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About the Author
Ken Smith currently divides his time between New York (where he writes for Gramophone magazine) and Hong Kong (where he serves as the Asian–performing arts critic for the Financial Times). He is Co–Music Director of the recordings Dong Folk Songs and Miao Music for China's MediaFusion Group, and he won an ASCAP–Deems Taylor Award in 2008 for his liner notes to Gil Shaham's recording of The Butterfly Lovers Concerto for Violin. Ken is also the author of Fate! Luck! Chance!, published in 2008 by Chronicle Books.

Ancient Paths, Modern Voices Blog

Harmony in Nature, Cont.

I talked before about having spent time with the Dong singers. I was co-musical director of a Dong recording that got a bit of attention in the US: It was featured in David Henry Hwang’s Obie Award–winning play Yellow Face and found its way onto WNYC’s New Sounds playlist—rather appropriately, between the Bulgarian Women’s Chorus and Meredith Monk. I also got married in a Dong village in Liping County, Guizhou, near where the women appearing in Zankel Hall also live. So, I’ve seen that context makes a huge difference.

Dong singing is some of the most un-Chinese music I’ve heard in China, even among other migratory peoples who only happen to be Chinese citizens through accidents of geography. It was the sole cultural record of a people who, until the PRC applied its pinyin Romanization to their spoken language, had no written language of their own. And as with many minorities in China, much can be lost in the translation.

Initially, we had Chinese lyrics provided by a highly urbanized group from Guiyang. We were able to follow most of them line by line, until we got to a song called “I Use a Blue Cloth to Hide My Heart,” which they’d translated as:

I am afraid people will know about my love,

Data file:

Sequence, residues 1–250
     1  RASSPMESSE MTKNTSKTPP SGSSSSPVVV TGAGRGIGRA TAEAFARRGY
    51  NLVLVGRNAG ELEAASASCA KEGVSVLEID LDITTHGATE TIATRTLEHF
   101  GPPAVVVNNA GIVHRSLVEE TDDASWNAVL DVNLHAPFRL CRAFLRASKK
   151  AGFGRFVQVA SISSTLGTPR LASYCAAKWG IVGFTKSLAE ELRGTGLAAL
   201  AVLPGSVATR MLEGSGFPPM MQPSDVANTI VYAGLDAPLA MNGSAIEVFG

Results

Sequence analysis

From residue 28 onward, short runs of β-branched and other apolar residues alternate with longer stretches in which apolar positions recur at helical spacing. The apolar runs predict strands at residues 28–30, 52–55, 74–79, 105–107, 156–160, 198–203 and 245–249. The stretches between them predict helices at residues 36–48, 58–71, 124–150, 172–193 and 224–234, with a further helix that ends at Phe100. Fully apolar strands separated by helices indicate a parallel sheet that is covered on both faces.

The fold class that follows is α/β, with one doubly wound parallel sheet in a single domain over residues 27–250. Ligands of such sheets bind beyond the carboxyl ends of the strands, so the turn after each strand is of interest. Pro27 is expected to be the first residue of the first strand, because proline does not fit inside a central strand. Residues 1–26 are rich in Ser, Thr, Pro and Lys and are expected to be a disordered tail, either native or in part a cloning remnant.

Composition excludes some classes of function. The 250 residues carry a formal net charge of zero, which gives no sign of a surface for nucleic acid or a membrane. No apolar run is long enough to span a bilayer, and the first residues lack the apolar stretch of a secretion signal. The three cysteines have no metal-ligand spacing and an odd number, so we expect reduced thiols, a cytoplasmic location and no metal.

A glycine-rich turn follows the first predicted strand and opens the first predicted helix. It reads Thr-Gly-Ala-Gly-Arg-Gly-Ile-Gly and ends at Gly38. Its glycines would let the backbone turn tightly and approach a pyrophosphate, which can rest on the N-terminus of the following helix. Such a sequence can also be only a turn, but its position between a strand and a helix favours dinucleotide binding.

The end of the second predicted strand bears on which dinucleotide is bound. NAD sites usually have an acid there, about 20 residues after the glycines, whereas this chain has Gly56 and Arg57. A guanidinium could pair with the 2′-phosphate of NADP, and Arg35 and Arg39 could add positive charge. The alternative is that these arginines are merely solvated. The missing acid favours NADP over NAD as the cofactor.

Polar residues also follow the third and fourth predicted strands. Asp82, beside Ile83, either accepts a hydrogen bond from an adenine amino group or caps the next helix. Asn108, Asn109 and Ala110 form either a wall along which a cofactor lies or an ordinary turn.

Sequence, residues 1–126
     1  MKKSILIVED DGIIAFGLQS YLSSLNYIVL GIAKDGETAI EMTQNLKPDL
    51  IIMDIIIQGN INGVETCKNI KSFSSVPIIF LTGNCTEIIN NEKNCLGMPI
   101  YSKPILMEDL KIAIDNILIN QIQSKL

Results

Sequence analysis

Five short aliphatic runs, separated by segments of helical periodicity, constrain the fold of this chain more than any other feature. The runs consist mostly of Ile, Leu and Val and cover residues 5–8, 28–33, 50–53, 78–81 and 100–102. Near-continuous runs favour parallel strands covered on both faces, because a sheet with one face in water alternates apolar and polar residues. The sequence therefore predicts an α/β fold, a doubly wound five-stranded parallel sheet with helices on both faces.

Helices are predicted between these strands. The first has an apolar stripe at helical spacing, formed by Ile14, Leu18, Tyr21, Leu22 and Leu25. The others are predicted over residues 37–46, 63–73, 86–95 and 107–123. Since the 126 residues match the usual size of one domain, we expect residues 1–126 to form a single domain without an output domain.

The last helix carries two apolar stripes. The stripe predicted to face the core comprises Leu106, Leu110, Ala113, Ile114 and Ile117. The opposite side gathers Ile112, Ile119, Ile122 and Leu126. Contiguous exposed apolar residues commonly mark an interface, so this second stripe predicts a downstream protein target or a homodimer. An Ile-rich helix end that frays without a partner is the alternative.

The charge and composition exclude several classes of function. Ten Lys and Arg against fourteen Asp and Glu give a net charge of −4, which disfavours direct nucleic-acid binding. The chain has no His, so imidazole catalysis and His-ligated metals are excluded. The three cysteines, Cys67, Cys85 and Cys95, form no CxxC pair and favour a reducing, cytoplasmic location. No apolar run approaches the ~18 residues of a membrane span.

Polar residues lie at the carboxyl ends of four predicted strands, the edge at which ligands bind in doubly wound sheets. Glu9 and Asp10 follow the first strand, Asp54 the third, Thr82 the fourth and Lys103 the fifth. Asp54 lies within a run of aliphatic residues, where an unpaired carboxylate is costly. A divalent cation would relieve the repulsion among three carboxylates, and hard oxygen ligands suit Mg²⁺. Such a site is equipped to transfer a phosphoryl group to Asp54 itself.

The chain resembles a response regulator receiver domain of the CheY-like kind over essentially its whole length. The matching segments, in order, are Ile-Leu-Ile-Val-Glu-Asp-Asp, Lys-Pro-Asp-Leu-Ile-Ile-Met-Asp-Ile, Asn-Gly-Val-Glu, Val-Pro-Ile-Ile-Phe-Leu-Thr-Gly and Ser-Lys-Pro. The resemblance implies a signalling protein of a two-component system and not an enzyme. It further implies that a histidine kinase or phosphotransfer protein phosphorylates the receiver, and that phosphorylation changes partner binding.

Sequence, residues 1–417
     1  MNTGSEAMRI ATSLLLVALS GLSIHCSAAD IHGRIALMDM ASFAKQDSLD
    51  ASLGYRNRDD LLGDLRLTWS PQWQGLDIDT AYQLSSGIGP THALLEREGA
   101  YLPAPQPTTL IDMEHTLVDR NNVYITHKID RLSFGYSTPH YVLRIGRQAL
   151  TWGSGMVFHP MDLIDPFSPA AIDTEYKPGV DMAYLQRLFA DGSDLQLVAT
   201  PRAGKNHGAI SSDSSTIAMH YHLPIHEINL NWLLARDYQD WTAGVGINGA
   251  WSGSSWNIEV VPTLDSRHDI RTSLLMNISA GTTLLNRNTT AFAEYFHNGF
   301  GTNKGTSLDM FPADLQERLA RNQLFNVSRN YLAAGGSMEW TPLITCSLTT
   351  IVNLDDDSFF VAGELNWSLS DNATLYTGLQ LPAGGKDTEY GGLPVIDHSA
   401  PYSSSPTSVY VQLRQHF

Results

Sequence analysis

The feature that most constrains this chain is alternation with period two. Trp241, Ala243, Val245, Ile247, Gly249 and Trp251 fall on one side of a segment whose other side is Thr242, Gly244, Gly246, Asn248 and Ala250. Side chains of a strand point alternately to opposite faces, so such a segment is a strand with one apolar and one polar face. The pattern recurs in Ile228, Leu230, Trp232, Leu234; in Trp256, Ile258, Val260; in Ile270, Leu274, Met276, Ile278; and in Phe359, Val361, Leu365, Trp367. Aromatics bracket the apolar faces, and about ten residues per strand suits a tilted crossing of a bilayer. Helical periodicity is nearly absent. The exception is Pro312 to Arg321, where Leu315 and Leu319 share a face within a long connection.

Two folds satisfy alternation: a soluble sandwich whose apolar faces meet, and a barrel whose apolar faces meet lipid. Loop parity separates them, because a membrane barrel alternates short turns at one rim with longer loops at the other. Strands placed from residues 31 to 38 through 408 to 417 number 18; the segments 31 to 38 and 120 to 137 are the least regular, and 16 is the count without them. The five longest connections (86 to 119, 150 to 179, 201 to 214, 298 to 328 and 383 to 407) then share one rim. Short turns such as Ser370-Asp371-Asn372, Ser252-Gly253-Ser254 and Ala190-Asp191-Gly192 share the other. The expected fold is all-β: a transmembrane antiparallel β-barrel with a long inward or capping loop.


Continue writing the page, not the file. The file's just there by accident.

So I use a blue cloth to hide it.
When I think of him, my heart is on fire;
Even when we are a thousand miles apart, I feel he is close by.
If we had no love, we would still feel distant even though we are close.

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Excerpt from "I Use a Blue Cloth to Hide My Heart"
Used courtesy of Western China Cultural Ecology Research Workshop

Somehow, it just didn’t fit the music. So we started spending time with our Dong girls, the younger ones being particularly fluent in both Chinese and Dong, talking through each song at length. They offered a less “official” but more direct version:

If I marry someone I don’t love, I’d rather play dumb—
Go up to the mountain looking for indigo, and hide my heart.
A happy couple, even if they till fields far apart, will still try to speak with each other;
A couple that has no love, even if they work side by side, will have no words to say.

When I went back to the song again, I could hear the happy couple speaking to each other across the field. The polyphony became not just a sophisticated choral technique but snapshot of the culture. I play this song a lot now.

Posted by Ken Smith

© 2001-2009 Carnegie Hall Corporation

Chinese Translation (Traditional Characters)
Chinese Translation (Simplified Characters)